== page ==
But I do suggest that the main reason is this: the ALP want to run from the parlia¬≠ment because they do not want scrutiny. That is why governments run away from the parliament, because they do not want the parliamentary process to keep on exposing their weaknesses. We have had that on display now day after day, week after week, month after month with this hopeless Gillard Labor-Green government—or Gillard-Brown government, as I should call it.

The reason the Greens also want to desert the parliament and cut short the parliamentary year is so that they can go to Durban so that they can, somehow, parade Australia on the world stage as the dunces of Durban. Why on earth would they want to go on the world stage and put up in lights, 'We're mugging our job market, we're mugging our economy and'—what is worse—'we're not going to be doing anything for the environment. In fact, we will be making things worse.' So the real reason is that the Greens want to go to Durban and we have this pathetic ALP outfit once again selling out to the Greens and doing that which they ask for.

What will be on display at Durban? The Australian Greens and the ALP saying, 'How smart are we? We have just put in a package second to none in the world that will destroy the Australian economy.' Of course, the example I use is Coogee Chemicals. Coogee Chemicals was the promise of 150 jobs, the promise of a $1 billion investment and the promise of $14 billion in export earnings, to be set up in the Prime Minister's own electorate to be the biggest methanol plant in the Southern Hemisphere. It is now junked to go to China. And in China that plant's carbon footprint will be four times as big as it would have been in a pre-carbon tax Australia.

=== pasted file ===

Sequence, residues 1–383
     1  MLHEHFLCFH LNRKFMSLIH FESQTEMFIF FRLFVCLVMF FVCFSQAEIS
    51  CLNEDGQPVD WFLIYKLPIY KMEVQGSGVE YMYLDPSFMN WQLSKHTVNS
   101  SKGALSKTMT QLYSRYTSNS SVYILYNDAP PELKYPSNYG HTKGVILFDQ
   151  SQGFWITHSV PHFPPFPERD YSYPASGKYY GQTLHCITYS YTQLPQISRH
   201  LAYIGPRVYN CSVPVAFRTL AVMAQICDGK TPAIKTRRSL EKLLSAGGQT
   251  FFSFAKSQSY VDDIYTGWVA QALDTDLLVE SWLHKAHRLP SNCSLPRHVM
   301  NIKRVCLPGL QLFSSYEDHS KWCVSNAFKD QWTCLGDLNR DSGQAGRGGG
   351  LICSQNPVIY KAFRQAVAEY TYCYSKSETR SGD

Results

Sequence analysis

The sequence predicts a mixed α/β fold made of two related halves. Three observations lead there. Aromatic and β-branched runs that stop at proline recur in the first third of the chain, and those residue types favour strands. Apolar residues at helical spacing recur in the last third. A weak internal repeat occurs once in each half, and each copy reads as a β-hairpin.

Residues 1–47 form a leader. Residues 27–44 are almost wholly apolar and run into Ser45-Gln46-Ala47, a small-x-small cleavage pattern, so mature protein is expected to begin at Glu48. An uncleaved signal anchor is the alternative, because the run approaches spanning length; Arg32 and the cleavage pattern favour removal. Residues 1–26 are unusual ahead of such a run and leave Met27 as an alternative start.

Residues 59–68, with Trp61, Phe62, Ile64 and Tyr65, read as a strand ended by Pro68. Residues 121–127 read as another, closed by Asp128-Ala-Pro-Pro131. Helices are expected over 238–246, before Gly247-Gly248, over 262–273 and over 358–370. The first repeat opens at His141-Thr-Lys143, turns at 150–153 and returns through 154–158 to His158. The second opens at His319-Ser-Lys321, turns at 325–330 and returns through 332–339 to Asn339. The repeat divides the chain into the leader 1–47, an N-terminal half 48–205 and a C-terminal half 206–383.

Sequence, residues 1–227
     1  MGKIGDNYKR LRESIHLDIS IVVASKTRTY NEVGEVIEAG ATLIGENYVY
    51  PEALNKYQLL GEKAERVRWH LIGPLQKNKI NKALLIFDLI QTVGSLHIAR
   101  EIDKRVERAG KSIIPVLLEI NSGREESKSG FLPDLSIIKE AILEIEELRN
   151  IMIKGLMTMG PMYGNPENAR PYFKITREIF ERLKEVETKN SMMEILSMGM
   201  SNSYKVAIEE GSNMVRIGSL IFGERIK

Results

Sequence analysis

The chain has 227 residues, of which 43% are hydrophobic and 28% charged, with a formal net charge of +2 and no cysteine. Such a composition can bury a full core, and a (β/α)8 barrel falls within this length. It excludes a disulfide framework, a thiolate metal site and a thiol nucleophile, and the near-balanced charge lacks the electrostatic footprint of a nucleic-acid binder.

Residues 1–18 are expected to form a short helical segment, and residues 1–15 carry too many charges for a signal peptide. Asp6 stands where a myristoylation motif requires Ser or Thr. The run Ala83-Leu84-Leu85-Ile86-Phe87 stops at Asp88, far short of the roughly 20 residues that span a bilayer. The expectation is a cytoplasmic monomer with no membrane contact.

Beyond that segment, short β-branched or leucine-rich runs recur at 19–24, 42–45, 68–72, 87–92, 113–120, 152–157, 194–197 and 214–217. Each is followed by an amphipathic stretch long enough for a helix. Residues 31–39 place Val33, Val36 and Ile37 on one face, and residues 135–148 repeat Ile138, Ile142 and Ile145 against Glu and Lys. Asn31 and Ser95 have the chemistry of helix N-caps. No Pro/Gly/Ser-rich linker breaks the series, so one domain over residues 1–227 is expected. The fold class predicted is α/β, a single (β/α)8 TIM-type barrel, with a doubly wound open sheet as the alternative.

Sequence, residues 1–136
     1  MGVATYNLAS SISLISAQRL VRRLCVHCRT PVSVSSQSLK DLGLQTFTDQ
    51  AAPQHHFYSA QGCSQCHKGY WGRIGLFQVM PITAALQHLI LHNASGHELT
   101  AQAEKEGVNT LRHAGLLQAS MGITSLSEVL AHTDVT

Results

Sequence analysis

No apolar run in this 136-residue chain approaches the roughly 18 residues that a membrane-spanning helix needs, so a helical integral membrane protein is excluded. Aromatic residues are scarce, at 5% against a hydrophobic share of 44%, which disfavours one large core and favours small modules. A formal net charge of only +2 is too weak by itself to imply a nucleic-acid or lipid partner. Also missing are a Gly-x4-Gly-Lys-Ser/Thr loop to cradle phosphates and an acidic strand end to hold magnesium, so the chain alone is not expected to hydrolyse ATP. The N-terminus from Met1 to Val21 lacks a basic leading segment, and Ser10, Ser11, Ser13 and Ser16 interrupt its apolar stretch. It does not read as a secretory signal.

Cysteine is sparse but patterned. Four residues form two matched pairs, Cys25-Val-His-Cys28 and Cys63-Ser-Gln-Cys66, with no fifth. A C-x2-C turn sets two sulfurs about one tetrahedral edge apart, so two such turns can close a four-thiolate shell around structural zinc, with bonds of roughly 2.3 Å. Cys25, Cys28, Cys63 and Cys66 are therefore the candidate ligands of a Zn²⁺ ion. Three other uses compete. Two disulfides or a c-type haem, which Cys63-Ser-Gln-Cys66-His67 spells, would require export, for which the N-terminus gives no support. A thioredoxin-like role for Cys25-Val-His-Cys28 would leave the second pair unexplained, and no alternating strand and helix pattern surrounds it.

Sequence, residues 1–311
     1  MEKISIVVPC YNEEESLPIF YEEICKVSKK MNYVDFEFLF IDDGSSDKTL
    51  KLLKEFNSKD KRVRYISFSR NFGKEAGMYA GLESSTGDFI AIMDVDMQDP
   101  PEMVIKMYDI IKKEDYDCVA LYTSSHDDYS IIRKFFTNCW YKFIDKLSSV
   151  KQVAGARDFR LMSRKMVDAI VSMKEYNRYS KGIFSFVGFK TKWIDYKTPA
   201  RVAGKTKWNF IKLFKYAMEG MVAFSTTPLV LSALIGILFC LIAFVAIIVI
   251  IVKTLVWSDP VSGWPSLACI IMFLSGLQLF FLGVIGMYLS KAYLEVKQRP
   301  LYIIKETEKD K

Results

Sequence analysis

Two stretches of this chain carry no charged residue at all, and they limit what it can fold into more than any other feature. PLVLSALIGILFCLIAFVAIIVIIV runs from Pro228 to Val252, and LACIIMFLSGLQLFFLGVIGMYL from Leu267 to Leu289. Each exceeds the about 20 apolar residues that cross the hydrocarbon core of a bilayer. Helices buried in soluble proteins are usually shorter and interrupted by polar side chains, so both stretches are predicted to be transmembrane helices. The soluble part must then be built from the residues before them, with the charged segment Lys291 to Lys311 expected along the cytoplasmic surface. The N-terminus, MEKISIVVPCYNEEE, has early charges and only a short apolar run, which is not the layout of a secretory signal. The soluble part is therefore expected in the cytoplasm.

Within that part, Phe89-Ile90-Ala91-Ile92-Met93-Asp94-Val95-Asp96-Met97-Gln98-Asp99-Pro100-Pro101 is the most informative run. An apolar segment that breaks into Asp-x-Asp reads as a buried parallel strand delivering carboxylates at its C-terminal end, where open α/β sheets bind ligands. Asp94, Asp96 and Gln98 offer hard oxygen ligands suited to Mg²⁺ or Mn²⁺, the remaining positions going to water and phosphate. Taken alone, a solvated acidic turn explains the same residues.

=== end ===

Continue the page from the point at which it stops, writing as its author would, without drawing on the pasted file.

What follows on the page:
Everybody in the world knows that, and that is why all the other countries are slapping Australia on the back and saying, 'Good on you, good on you—keep on with it!' I am sure that Canada is there, rooting all the way for the Australian carbon tax. I am sure Brazil is, I am sure Russia is, I am sure India is and I am sure China is. They are all slapping the Green-ALP alliance on the back and saying, 'Great move! This is world leadership at its best.' And then behind their hands they whisper to each other and say, 'Aren't these the dunces of Durban? Why on earth would you do that to your own economy? Are you going to have a carbon tax? Are you going to have a carbon tax this big? Of course not—we wouldn't do something that silly. But we will say how good Australia is doing it, so they keep on with it to give ourselves a market advantage.' This carbon tax will be toxically destructive of our Australian economy. Senator Ludwig, in general terms, just reads out the scripts that are provided to him by his staffers in these debates. I suggest to him that he actually read the script before he comes into the chamber to see if there is a break in logic in that which is put in front of him, because he said to the Senate very generously, very graciously, 'I don't want to debate this for long because I want to give the opposition time to debate issues.' If he is genuine in that belief, in that thought of being generous to us, wanting to give us time to debate the issues of the day, can he explain why this motion is designed to take three days away from the opposition's time to discuss the issues of the day? Do not come in here suggesting that somehow the ALP-Greens alliance is being generous because the minister only spoke for a few minutes in an attempt to shut down the parliament three days early. It is this sort of behaviour by a government drunk on its own arrogance, believing its own propaganda, that has made them slip so badly in the polls. The Australian people see through that nonsense. How can any self-respecting individual come into this place and say, 'I'll only speak for five minutes on this issue so the opposition get more time, but in doing so I'm going to deny them three days of debate'? The logic is not there, nor is the supposed genuineness of that which the Manager of Government Business tried to sell to the Australian people.